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ORIGINAL COMMUNICATIONS. The Wyfe of Auchtermuchtiesummanamon 67
Account of the Highland Host (1678)....68
Extract from A Mock Poem upon the
On the Sculpture of the Greeks...mmmm9
Expedition of the Highland Host,' by
Present State of the City of Venicemow.16
On the Constitution and Moral Effects of
Banks for the Savings of Industry.com 17 The Desolate Village a Reverie.mamma 70
Tales and Anecdotes of the Pastoral Life,
-22 Verses recited by the Author, in a Party
Observations on the Culture of the Sugar
of his Countrymen, on the day that the
news arrived of our final victory over
Memorandums of a View-Hunter.no 27
Account of the American Steam Frigate..30
On sitting below the Saltmamaman 33 A Series of Discourses on the Christian
Observations on the late Pamphlets of the Modern Astronomy. By Thomas
Harold the Dauntless; a Poem, in six,
Remarks on Greek Tragedy, No I. (Æs-
Notices concerning the Scottish Gypsies..43 | Stories for Children ; selected from the
History of England, from the Conquest
Account of Colonel Beaufoy's Journey to
the Summit of Mount Blancmmmmm.59
Account of the remarkable Case of Mar-
Quarterly Review, No 31.commun w83
garet Lyall, who continued in a state
of sleep nearly six weeks..macammm...61
ANTIQUARIAN REPERTORY. WORKS PREPARING for PUBLICATION 88
Grant of the Lands of Kyrkenes to the
Culdees of Lochleven, by Macbeth son
of Finlach, and Gruoch daughter of
Bodhe, King and Queen of Scotland. 65 FOREIGN INTELLIGENCEmanmama 96
Writ of Privy Seal in favour of · Johnne PROCEEDINGS OF PARLIAMENT.. 102
Faw, Lord and Erle of Litill Egipt,' BRITISH CHRONICLE.
granted by King James the Fifth, Feb. Commercial Report.
wib. Agricultural Reportrarnain
Act of Privy Council anent some Egyp- Meteorological Tablemas around 18
WILLIAM BLACKWOOD, NO 17, PRINCE'S STREET, EDINBURGH ;
AND T, CADELL AND W. DAVIES, STRAND, LONDON ;
As it is the wish of the Editors to render this Work a REPOSITORY of whatever may be supposed to be most interesting to general readers, they beg leave to offer one or two remarks, on what is new in the plan they have adopted, and on the specimen of it now subinitted to the Public.
Under the title of Antiquarian Repertory, they have reason to hope, from the access that has been most liberally allowed them to unpublished manuscripts, both in the national and in family repositories, that they shall for a long period be able, not only to lay before their readers articles calculated to gratify curiosity, but also to rescue from oblivion such materials as may throw some light on the disputed points in British history, and on such minute features in the state of society in former ages, as must necessarily be excluded from the pages of the historian.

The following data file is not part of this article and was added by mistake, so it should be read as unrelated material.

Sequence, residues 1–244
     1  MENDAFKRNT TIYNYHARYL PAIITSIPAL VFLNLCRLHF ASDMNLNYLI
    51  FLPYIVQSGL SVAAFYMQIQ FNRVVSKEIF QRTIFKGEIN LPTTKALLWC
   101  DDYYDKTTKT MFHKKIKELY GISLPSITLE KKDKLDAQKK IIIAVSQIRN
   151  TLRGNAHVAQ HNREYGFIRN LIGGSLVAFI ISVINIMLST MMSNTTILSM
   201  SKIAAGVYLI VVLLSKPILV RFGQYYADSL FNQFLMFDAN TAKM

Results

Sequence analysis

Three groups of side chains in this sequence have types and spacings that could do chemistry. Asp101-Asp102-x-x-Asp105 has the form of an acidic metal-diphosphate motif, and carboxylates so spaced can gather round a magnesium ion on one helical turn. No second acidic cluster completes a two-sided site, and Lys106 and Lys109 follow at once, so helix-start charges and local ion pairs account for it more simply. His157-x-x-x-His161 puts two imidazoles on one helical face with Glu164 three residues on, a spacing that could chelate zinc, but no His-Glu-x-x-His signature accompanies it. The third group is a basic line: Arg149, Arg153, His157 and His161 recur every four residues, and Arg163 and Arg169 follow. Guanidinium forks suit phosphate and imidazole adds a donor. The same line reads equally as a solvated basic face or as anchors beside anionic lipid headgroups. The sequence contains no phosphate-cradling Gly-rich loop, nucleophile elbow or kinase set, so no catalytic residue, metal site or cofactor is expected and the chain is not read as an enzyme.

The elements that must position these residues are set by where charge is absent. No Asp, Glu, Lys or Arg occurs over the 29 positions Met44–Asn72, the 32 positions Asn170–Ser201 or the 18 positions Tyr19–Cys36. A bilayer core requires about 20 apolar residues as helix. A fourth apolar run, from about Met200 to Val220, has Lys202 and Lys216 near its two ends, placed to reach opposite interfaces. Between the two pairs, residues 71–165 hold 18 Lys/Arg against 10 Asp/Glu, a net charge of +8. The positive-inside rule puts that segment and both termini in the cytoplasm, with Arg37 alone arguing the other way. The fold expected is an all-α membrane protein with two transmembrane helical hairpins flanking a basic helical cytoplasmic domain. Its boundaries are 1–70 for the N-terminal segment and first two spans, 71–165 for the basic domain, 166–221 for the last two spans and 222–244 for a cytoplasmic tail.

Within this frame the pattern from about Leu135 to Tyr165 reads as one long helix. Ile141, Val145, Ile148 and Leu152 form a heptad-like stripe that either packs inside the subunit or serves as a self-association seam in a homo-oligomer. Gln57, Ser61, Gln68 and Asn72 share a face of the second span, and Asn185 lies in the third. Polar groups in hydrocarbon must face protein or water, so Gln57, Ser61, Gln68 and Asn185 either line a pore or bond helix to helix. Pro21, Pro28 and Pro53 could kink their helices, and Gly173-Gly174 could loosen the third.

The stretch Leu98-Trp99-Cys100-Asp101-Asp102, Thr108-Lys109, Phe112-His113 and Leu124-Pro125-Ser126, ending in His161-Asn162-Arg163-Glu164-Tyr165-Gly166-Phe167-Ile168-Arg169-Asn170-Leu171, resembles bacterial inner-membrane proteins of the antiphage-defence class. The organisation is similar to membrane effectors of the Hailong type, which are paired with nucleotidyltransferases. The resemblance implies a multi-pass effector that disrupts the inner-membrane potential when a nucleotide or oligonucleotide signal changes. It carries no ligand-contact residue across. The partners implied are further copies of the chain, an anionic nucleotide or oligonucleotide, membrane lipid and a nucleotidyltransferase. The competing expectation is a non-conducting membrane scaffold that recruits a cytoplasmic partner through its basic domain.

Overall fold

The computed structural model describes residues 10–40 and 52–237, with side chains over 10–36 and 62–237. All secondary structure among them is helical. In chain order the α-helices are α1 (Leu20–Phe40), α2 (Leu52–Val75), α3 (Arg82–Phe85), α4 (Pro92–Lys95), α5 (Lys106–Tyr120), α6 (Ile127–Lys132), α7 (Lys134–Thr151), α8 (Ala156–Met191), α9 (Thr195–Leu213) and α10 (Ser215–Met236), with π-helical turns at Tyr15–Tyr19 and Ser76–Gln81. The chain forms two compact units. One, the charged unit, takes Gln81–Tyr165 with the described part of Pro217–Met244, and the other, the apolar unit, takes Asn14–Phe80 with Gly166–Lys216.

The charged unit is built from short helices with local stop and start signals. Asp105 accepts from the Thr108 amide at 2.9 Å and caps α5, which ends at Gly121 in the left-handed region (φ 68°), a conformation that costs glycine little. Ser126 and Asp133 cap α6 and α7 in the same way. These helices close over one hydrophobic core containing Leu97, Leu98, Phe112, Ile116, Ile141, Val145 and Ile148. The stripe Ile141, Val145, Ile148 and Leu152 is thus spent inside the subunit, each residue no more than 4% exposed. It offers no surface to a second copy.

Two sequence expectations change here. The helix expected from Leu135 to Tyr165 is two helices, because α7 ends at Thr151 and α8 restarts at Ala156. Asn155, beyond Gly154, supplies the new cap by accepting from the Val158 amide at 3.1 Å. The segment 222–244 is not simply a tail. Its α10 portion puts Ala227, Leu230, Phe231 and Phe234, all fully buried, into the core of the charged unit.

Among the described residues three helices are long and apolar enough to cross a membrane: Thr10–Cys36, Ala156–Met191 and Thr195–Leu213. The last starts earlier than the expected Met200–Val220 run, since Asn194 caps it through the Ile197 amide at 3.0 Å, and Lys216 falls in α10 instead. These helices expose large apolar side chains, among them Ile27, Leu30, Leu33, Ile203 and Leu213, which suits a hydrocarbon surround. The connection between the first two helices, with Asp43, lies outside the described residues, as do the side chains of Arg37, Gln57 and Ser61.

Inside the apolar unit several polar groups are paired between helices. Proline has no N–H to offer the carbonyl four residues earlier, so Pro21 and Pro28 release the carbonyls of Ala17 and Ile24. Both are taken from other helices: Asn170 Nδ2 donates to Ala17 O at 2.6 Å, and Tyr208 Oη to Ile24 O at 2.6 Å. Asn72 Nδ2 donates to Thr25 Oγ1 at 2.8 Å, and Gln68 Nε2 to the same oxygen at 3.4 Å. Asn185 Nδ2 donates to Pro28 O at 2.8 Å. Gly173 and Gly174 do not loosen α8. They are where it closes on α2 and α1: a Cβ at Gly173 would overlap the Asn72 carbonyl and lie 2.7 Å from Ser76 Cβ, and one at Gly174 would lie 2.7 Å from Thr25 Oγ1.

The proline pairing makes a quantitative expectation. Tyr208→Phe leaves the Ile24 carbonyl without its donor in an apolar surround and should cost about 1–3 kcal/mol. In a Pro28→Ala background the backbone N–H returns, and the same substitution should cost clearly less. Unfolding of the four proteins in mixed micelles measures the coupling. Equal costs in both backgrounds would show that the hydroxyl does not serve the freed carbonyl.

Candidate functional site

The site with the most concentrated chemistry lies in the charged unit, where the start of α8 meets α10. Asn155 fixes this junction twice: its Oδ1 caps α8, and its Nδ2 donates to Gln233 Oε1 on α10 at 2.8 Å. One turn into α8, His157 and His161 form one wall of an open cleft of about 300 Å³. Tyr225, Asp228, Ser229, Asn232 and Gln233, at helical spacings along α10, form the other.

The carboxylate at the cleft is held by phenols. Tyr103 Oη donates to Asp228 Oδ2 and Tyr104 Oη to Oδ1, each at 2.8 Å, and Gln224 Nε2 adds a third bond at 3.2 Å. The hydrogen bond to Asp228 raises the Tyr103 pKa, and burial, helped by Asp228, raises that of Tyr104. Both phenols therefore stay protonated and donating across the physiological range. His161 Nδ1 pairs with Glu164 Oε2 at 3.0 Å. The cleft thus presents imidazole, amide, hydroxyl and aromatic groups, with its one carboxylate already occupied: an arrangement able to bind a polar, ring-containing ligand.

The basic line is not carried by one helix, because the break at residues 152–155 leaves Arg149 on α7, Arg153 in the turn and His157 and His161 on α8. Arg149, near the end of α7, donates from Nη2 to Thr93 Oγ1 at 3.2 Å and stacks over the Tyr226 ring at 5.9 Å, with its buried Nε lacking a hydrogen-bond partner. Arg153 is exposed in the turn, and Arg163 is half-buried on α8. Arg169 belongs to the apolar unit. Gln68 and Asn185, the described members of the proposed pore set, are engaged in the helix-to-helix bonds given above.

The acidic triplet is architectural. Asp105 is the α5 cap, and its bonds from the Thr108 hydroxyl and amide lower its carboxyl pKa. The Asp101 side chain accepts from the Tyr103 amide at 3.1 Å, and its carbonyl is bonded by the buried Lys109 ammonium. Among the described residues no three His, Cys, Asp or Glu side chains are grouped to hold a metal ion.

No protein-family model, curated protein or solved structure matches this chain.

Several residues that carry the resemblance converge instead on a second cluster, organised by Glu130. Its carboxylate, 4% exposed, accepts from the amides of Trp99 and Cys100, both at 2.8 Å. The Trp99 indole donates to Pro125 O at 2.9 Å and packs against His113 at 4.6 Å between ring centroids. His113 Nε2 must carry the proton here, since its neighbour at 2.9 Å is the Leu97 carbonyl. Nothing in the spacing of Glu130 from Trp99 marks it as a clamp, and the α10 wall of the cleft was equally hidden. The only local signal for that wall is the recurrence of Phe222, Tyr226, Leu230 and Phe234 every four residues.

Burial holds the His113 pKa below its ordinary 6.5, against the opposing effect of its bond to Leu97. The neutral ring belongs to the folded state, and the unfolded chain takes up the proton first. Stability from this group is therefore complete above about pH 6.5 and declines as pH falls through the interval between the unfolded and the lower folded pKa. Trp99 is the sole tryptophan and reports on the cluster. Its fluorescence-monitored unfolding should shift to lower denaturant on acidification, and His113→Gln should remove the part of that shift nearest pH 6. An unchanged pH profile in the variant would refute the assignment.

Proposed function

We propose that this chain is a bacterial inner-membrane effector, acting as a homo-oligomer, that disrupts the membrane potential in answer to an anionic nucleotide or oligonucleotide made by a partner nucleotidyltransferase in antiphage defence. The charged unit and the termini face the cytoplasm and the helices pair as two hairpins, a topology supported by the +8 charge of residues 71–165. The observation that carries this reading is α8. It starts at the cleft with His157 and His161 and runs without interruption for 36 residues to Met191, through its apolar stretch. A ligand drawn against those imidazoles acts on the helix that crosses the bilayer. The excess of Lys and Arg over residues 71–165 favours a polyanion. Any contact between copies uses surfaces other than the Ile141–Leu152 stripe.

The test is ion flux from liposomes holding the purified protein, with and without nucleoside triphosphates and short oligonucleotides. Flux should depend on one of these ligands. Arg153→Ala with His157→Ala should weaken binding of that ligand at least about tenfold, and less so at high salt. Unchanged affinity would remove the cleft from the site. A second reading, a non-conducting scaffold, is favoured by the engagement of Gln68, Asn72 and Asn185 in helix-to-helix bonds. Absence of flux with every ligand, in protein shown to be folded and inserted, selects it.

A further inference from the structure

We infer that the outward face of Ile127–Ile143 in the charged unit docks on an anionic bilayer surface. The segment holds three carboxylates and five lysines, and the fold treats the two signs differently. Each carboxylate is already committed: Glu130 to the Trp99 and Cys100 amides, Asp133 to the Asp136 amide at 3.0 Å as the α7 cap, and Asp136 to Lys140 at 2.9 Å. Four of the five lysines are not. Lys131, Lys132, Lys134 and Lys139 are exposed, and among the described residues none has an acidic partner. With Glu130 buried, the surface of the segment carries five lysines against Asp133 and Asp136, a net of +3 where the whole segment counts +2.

The Editors have ventured to allot a part of their MAGAZINE to notices of the articles contained in the most celebrated periodical publications ;-under which they propose also to include works published in parts, at more irregular intervals, and a list of the contents of the minor Journals. They are aware of the difficulty of giving general satisfaction under this head; but as they have never seen any attempt of the kind made, or at least persevered in, either by their predecessors or contemporaries, they cannot but hope, that this proof of their resolution to spare no pains for the gratification of their readers, will be received with indulgence. And here they must regret, that it has not been in their power to notice, in the present number, the British Review, No XVII. which contains the best discussion they have any where seen, of the means by which an equalization of weights and measures may be effected.
If the Editors shall be able to realize their own wishes and expectations, the Register will comprise a greater variety of information than is to be found at present in any monthly publication. Rash as it may appear, they will venture to declare, that it is their ambition to give such a view of Foreign and Domestic Affairs, as may in a great measure supersede the necessity of resorting to Annual Registers, or other more voluminous and expensive works, for the period which their labours may embrace. But as their limits had been almost reached before they began to print this their last branch, the Editors must request their Readers to take the present as but an imperfect specimen of what they mean it to contain. Every division of it has been curtailed; and the Public Papers and Accounts, as well as the list of Patents, Promotions, &c. have been unavoidably postponed. All these, however, shall be given, from the commencement of the year, in the early Numbers of the Magazine.